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Produced Water Treatment with Deoiling Hydrocyclones - Misconceptions & Corrections (B-PWT005)

Deoiling Hydrocyclones; A (brief) History : Part 1

Since its introduction to the upstream oil & gas industry in the mid 1980’s, the Deoiler hydrocyclone has been an efficient and economical solution for a large variety of produced water treatment applications. The separation task applicable with the Deoiler includes primary and secondary separation stages, depending on the problem at hand.

Initially Deoilers revolutionised the treatment of produced water streams, due to the fact that they were robust, efficient, simple to operate, and were a fraction (typically 10%) of the size and weight of their predecessors.

This meant that for ‘real estate challenged’ offshore facilities, there was a new solution capable of handling very large produced water volumes, in a small space, where previously there was none with the larger, heavier, older technology.

The early success of the Deoiler hydrocyclone stemmed from the significant amount of field test work performed offshore Australia and the North Sea. These initial test bed environments provided the (fortunately) ideal, high pressure – high temperature applications, which afforded successful outcomes, and allowed the technology to achieve a critical commercial foothold.

Subsequent regions and environments, notably North America, had less ideal process conditions (lower pressures and temperatures), and proved more of a challenge for the Deoiler, but subsequent technical progress and development over the years, went a long way to solve these more difficult applications.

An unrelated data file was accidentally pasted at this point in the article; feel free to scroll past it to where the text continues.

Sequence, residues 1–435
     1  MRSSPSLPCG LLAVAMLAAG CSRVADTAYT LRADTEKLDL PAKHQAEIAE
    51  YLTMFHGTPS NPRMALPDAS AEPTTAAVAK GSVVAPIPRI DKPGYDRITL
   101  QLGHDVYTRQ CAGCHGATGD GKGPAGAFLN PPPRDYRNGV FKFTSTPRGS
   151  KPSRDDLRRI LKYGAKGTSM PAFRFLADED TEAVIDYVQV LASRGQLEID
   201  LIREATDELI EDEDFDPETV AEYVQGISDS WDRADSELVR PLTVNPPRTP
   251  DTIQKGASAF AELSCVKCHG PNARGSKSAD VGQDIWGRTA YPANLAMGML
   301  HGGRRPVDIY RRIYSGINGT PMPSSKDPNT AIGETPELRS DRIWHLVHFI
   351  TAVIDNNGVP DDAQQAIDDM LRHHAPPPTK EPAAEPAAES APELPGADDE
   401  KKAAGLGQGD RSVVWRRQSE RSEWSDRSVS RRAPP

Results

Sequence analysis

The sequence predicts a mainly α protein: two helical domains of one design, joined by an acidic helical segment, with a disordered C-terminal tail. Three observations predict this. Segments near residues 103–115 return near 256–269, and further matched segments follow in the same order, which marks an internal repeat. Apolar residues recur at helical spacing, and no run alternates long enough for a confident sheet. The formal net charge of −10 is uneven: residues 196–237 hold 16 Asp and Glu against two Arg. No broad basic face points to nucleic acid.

Although a significant amount of field work was undertaken to the greater longer term benefit of the technology, the downside was that many end user operators had different experiences with the Deoiler, which was interpreted, incorrectly, as the capability of the technology, rather than the variation; the ease, or difficulty, of the separation task. As far as they were concerned all produced water was the same – right?  This is an assumption which leads to frustration for any equipment vendor to this day.

Anyhow in the 1980’s the world appetite for crude was significant and growing, and increasing even faster was the relative amount of produced water co-produced with the crude. On average 3-4 barrels of produced water accompanies every barrel of crude, and in some locations this figure is a lot higher.

In 1993 A Norwegian Oil Industry Association Report commented;

From 1986 to 1993:

  • Water production increased from 50,000 to 380,000 BWPD
  • Oil in water concentration decreased from 40 to 20ppm

“In spite of a substantial water increase during the last years, the average oil concentration has declined and stabilized. This reduction is a direct consequence of retrofitting hydrocyclones on some of the major water producers.”

The Deoiler hydrocyclone’s time had come.

Following the success of the Deoiler technology, the removal of solids from produced water and multi-phase streams was undertaken with the ‘Desander’ and ‘Wellhead Desander’ technologies.  See Dr. Hank Rawlins presentations in a separate series.


  1. Rosie K., Conoco Inc., “Conoco’s Water Treatment Upgrade with Hydrocyclones”, Ocean Industry, Dec 1991 / Jan 1992.
  2. Choi M.S., Conoco Inc., “Hydrocyclone Produced Water Treatment for Offshore Developments”, SPE 20662, ATCE New Orleans, September 23-25, 1990.
  3. Meldrum N., Conoco UK Ltd., “Hydrocyclones: A Solution to Produced Water Treatment”, OTC 5594, OTC Houston, April 27-30, 1987.
  4. Hayes J.J., et al., Esso Australia Ltd., “Hydrocyclones for Treating Oily Water: Development and field Testing in Bass Strait”, OTC 5079, OTC Houston, May 6-9, 1985.


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